It is especially necessary to mention that in the case of large units and especially with open-center reel-shaped turbines, it is advisable that the inside of the cylinder be hollow and closed at both ends, for example with double doors of the type of those on submarines, maintaining air on the inside. In this way, and with a “tube” of sufficient size, their inside could be entered for maintenance, making incidental repairs much easier. If the fixed inner system were a ring or system of rings, it is convenient that they have a system that easily allows their extraction complete or in sections (for example by remote control and/or by means of robots) and their flotation for maintenance.

The nozzles may have “covers” on the area of the critical section and/or “covers” in the specific areas where the stators are, so that, opening these (by remote control, or by means of divers and/or robots), the turbine-generator groups and/or stators can be extracted either complete or in sections, according to the case, for their repair and/or substitution. With this object, a system of floats may be provided, and/or a system of cables or similar that facilitate its raising and flotation. The inner cylinders or fixed components may likewise have covers or a similar system that allows extracting the stators of the same from the inside.

To facilitate the maintenance of the stators, in case they are joined to or embedded in the walls of the nozzle in the area of its critical section, it would be advisable that these have some kind of cover in the areas of the critical section where the arcs or ring sectors of stators are installed so that, by opening them, those can be easily extracted. Both the opening as well as the extraction could even be done from the surface, by remote control and/or by means of robots, being in general more convenient to simply substitute a complete sector of ring of the stator, and to repair the damaged one on the surface or on terra firma if it is considered convenient. The same system could be applied to the inner ring stators, having in this case for example, for each ring, some covers of the dimensions of at least one sector of the ring, installed on the inner cylinder, (the ring, for example, could be made of joined sectors of rings to make their extraction and substitution easy), or otherwise in the case of having a system of rings with braces, to make them in such a way that the rings are extractable individually from the set (for one of several pieces).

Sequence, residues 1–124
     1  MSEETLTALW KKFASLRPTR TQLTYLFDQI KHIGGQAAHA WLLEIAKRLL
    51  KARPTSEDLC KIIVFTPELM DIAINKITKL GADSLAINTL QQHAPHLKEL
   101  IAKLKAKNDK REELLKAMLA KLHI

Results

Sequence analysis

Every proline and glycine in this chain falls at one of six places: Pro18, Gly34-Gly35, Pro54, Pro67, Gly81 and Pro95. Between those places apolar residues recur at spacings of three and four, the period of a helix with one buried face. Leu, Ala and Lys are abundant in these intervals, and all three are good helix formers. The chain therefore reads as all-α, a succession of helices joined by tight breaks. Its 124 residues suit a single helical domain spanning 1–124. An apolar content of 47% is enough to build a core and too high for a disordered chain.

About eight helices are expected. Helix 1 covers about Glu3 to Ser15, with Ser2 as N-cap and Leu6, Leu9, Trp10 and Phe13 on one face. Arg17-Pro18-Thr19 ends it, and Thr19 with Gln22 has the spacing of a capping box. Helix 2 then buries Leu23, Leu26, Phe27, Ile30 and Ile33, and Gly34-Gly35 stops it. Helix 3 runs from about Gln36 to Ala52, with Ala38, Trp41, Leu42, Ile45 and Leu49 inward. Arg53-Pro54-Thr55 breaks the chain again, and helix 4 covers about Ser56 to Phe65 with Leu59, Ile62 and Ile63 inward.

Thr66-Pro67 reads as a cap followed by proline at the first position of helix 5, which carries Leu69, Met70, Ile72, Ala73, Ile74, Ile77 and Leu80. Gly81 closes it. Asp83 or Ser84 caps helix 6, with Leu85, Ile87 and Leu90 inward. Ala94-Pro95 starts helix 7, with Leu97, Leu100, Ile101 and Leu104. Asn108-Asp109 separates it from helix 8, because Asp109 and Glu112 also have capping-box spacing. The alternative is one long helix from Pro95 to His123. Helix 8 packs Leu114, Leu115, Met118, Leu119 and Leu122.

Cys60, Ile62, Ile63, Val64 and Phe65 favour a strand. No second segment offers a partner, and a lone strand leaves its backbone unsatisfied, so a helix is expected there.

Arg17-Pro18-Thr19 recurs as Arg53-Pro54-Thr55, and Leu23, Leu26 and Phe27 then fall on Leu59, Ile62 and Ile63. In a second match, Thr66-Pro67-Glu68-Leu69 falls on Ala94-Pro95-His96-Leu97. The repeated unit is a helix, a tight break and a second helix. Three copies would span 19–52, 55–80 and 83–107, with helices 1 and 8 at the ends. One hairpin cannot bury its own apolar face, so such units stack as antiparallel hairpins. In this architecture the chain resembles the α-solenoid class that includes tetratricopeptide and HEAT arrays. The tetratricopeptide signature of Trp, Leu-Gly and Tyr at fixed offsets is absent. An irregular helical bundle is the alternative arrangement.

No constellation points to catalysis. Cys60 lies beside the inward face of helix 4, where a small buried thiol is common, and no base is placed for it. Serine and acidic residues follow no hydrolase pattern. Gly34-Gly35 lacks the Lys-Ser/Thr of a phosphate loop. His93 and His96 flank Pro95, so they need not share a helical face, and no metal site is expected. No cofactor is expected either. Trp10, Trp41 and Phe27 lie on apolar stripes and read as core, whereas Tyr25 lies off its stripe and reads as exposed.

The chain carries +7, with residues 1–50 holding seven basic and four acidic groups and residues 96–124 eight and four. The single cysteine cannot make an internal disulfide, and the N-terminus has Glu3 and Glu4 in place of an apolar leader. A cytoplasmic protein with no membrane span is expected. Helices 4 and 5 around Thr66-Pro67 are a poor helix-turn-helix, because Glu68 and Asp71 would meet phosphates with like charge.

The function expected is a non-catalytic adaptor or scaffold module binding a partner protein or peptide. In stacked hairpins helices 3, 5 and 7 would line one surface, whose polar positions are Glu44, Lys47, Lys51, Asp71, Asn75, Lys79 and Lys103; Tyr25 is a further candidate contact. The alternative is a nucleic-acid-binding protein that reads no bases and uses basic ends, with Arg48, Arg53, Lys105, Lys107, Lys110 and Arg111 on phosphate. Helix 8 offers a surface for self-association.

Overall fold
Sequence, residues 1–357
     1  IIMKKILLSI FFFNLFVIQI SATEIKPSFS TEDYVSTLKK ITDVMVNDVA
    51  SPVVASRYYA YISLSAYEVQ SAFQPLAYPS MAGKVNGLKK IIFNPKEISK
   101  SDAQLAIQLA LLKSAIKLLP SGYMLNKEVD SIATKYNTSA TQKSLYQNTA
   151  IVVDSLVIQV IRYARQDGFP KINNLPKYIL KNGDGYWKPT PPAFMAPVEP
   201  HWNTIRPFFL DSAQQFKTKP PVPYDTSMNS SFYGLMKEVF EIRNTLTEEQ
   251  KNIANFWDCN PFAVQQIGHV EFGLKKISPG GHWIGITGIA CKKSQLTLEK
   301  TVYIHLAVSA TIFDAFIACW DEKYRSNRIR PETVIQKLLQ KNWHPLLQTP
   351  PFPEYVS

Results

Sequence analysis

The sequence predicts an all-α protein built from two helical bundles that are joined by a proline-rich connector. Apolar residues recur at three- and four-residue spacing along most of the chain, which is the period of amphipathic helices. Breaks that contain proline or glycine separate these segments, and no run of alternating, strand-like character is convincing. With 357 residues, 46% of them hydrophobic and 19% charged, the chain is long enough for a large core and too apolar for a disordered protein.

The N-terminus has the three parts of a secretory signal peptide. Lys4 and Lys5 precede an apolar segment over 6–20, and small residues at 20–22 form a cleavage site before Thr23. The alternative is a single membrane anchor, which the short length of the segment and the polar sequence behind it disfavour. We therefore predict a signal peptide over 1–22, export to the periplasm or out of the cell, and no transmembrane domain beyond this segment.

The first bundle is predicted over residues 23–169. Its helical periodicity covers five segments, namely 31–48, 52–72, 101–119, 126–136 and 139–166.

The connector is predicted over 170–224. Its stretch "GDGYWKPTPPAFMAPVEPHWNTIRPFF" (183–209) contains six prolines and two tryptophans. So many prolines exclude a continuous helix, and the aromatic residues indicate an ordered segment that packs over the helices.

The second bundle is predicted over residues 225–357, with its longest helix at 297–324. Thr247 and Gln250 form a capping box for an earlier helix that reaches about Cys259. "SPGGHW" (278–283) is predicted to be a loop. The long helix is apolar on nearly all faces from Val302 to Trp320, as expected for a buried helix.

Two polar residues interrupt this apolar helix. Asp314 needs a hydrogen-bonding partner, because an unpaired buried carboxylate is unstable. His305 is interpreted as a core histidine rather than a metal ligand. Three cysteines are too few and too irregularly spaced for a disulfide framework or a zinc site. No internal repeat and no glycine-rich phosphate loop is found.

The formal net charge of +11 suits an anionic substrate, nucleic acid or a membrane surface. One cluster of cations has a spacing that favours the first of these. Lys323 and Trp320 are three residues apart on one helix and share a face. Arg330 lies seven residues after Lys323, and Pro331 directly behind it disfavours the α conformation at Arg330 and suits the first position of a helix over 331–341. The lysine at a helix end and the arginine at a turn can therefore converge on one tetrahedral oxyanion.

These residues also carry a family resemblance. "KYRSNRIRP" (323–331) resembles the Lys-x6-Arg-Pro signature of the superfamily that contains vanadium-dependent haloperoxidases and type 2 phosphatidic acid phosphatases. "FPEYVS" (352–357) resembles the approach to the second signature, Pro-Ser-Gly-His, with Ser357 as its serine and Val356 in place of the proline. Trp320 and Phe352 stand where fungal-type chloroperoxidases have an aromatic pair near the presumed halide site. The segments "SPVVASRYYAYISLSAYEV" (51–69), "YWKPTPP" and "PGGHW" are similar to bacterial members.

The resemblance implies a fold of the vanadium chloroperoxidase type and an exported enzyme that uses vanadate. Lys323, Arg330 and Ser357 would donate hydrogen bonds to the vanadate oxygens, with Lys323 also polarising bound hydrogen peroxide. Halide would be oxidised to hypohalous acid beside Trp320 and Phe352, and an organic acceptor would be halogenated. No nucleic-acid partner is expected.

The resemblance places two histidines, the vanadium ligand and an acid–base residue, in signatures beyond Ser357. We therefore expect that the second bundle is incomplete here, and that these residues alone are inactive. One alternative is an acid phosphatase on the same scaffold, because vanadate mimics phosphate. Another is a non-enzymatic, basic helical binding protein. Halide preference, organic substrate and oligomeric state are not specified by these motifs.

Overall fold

General Considerations

Depending on the diameter of the drums, greater or lesser amounts of energy can be obtained from each unit. Nevertheless, it is convenient to use them in groups, in which case the “ocean submerged hydroelectric power station” would be formed by a large number of these grouped in a determined area, that could be controlled from dry land. When installing them it is necessary to leave sufficient separation between the different units, to avoid the wake of any of the turbines interacting with the others.

As the rotation of these turbines will be slow since the speed of marine currents rarely exceeds 4.5 knots, and moreover the magnetic fields from the magnets are of a small value and very concentrated in the magnetic circuits, these systems do not present any danger for the fauna or flora of the surroundings. Neither do they produce any type of contamination.

If it is wished to augment the speed of turn of the turbine in order to increase the power, in addition to installing them in the area of the critical section of a convergent-divergent nozzle of an adequate size for the turbine, they can also be located in natural narrows where the water acquires a greater speed in a natural way.

In the case of utilizing one of the variable reluctance types of generators, the placing of the material of low magnetic permeability between the teeth of the wheel or on the rotating ring (depending on the case), in addition to avoiding turbulences being produced, makes the variation in flux greater, especially if the material used is a material of elevated diamagnetism.

These systems should have all the electrical, electronic, hydraulic, pneumatic, etc. elements necessary as well as the required installation systems.

For the cases in which the shape of the obtained wave is not alternating, it will be necessary to add a system for transforming the obtained current into alternating. In all of the cases it is necessary to add a suitably insulated step-up transformer, for transporting the obtained electrical energy to terra firma where it can be connected to the electrical grid and taken to its place of use. All of this not dismissing using the obtained electrical energy directly in its place of generation for other possible uses.